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I sometimes face the challenge of explaining to my organic chemists that, even if no impurity signals are visible in their 1H spectrum, other signs (like FID shape, very poor s/n compared to what could be expected with the sample qty, broad peaks, bad resolution...) indicate that clearly, something is wrong with their sample.

Everybody would agree that it's way much easier to convince an invidual based on concrete facts ("look, here we can see solvent/starting material/side product/isomer signals integrating for x% in your proton-nmr") rather than just doubts ("well, your structure is correct however something seems weird with the spectrum...Yet I can't see anything so I can't tell you exactly what"). Ultimately in these cases, I can't think of an easy way to get indisputable evidence of a purity issue, other than using quantitative NMR techniques maybe (which still won't tell me the nature of impurities).

Purpose of my post is firstly for us to share personal experiences and discuss that topic. I'm also very interested if someone could provide me with a simple definition + common examples of paramagnetic impurities in order to explain to lab technicians the potential effects in small-molecule NMR measurements. Finally, I'm all ears if someone has good arguments, a straightforward method or eventually an idea of a good test sample that could be performed as an example to prove the point that having a nice LCMS chromatogram and no obvious imps in your 1H-NMR doesn't necessarily mean your compound is pure.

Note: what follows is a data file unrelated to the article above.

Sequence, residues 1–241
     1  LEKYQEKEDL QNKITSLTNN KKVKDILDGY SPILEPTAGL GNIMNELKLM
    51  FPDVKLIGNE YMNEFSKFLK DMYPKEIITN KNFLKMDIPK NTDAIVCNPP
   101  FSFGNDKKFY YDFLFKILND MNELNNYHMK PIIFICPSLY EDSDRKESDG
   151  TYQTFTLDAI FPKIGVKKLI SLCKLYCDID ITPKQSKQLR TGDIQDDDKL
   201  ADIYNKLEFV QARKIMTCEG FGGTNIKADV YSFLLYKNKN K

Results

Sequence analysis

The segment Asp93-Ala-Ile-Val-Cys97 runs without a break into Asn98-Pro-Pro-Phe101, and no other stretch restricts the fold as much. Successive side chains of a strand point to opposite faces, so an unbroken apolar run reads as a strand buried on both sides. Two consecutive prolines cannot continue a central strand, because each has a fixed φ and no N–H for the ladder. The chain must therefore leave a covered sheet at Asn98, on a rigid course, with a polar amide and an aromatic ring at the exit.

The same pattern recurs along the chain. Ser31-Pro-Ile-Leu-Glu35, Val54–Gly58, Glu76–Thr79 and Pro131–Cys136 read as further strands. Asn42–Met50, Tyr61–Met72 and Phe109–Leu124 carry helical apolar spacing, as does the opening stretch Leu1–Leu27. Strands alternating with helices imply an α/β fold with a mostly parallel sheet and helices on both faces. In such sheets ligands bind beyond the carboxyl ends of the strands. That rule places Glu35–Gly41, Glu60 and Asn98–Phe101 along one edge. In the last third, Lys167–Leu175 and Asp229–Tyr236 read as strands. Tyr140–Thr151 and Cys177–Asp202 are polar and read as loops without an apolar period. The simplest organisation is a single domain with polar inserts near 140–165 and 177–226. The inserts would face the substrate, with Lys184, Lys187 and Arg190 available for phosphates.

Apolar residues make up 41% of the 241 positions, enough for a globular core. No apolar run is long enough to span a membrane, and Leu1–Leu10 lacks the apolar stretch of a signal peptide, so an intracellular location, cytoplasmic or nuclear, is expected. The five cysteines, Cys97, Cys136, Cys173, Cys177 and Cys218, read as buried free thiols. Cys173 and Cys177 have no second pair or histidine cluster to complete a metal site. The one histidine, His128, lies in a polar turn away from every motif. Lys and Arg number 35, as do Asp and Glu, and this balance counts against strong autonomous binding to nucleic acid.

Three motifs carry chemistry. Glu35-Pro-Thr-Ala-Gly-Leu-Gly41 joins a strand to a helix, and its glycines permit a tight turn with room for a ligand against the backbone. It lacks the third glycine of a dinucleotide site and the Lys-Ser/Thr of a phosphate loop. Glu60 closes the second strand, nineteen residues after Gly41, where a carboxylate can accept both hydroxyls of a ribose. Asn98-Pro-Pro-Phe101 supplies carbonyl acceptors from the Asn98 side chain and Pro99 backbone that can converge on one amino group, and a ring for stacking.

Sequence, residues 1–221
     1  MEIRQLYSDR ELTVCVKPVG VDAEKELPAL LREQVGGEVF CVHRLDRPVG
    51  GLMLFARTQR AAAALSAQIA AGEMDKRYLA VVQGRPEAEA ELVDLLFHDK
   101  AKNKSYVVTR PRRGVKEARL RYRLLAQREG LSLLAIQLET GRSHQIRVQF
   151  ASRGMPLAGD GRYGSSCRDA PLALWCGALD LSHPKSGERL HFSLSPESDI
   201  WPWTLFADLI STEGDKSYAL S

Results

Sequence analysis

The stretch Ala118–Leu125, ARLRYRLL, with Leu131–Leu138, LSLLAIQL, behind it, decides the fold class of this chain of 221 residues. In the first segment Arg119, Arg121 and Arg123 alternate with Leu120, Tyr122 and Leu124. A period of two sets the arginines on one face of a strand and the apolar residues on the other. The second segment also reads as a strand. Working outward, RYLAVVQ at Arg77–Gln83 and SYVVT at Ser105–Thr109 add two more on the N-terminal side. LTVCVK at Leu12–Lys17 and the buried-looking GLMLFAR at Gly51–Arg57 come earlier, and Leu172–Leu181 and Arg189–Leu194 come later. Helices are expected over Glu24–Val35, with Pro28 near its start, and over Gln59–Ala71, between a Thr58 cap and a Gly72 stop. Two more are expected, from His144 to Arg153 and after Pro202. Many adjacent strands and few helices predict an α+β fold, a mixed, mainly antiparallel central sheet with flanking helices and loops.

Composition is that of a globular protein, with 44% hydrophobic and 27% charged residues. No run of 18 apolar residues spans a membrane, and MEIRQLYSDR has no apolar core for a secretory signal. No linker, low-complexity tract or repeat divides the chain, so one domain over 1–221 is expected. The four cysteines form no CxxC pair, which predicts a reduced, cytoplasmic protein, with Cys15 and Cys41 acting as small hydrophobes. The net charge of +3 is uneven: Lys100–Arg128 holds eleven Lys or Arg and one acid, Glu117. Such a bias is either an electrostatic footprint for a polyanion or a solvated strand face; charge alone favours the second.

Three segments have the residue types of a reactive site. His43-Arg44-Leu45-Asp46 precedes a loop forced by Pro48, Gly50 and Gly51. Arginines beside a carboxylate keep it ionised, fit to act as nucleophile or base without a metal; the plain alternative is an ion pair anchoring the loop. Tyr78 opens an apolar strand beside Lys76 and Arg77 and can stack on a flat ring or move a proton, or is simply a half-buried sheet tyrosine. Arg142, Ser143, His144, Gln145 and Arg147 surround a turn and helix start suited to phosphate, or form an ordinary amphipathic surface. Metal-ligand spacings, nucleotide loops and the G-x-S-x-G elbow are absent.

Thanks in advance

asked Mar 31 '11 at 03:25

Sylvain%20Demanze's gravatar image

Sylvain Demanze

2 Answers:
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Dissolved oxygen is the most common paramagnetic impurity that most people are likely to encounter. It is best to flush out the dissolved oxygen with nitrogen gas (preferably helium) - incomplete removal of oxygen can certainly degrade the quality of the spectra.

Another source of degradation is the presence of particulate material consisting of suspended aggregates - dynamic motion of the sample between the aggregate phase and soluble phase can lead to considerable line broadening. This effect can be reduced by passing the sample through a filter. A sample containing such aggregates may look pure in LC-MS. However, during the preparation of the sample for NMR spectroscopy, concentration or solvent exchange or lyophilization may cause precipitation/aggregation. Some samples may aggregate over time, i.e., they have no aggregates immediately after passing through the filter, but the aggregates appear at a later stage. Dynamic light scattering can be used to measure the number and size of particles(aggregates) in solution.


answered Apr 02 '11 at 10:02

sekhar%20Talluri's gravatar image

sekhar Talluri

updated Apr 02 '11 at 22:49

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Sometimes its hard to get a 'text book' spectra from even simple, pure compounds, I know, I've been asked to do it and spent some time getting the sample concentration/water content acceptable.

I've very commonly found that to high a sample concentration for a given sample is the problem. For some inorganic (probably slightly paramagnetic) samples this can be more than a mg or so. For some simple organics, 50mgs or so. Occasionally I've made up a trivial organic compound in CDCl3, not too high concentration, sample peaks about twice that of the solvent; only to find the lineshape isn't good, multiplets can't be resolved. Diluting the sample by 10x usually works. (I suspect hydrogen bonding to be the blame)

Residual water in the solvent/sample can sometimes confuse people too, if there's a lot and there's exchangeable protons in the sample the spectrum can be affected. That's without the chemistry this can trigger in some samples. Very dry solvent can show coupling to any -OH in the sample too, which again can confuse... (Eg dilute methanol in very dry cdcl3)



answered Aug 11 '11 at 03:19

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